There was a weight on her head today, and she dropped into her lounge chair to spend the rest of the day watching movies. She starts with a favorite, Out of Africa with Robert Redford. She thinks she is dreaming but it feels real and wakes to see him—yes, Robert Redford is in her house and knelling in front of her.
“She’ll go away,” he says.
“The lioness. She’s just curious. I will protect you.”
No, he won’t, she thinks, but she wishes for that hero—not a hero of the world, although that would be even better—just a hero of himself. Yet, there is the surge of passion for this man Denys and in her head, she sees Fitz. He wants to move his things in, but not himself. He loves her the way he loves the land—with hesitation knowing that the ground is always shifting. He wants commitment, but freedom, and it becomes the way and reason she loves him—because of that contradiction—that personal commitment to stay free when the politics of life and relationships will smother that out like an unfinished cigarette.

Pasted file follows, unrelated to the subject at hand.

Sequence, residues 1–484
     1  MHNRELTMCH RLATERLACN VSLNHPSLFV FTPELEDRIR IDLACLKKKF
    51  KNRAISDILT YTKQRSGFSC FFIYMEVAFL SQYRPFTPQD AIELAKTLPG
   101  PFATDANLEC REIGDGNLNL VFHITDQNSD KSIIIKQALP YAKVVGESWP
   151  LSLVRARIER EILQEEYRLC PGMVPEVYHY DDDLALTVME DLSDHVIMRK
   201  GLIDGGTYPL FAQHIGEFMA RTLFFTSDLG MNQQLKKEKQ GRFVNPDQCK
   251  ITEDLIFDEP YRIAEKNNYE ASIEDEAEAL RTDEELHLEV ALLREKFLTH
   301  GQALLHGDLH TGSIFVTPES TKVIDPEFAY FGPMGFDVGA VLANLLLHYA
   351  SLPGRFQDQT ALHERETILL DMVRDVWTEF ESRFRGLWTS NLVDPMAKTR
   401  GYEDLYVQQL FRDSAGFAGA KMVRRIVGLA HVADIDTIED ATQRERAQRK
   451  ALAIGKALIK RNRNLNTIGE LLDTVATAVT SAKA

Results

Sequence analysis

Sara, too. She survives in a land driven by technology achievements while she has visions of the whole of the world. She writes and thinks instead of gossiping and chattering about useless endeavors. She runs her own life and predicts her own future. She scorns lies and liars which surround her. She is the hunter.
On screen a lion unexpectedly charges from another direction, and it is up to Sara to protect herself. She shoots. She doesn’t miss. Sara has bitten her lip in anxiety. Denys, or is it Fitz that reaches out and touches the blood. Then they hold each other shielding themselves from the aggressive world, at least for those precious moments.
Excerpt from A Year of Men and Madness, book 1 in the series .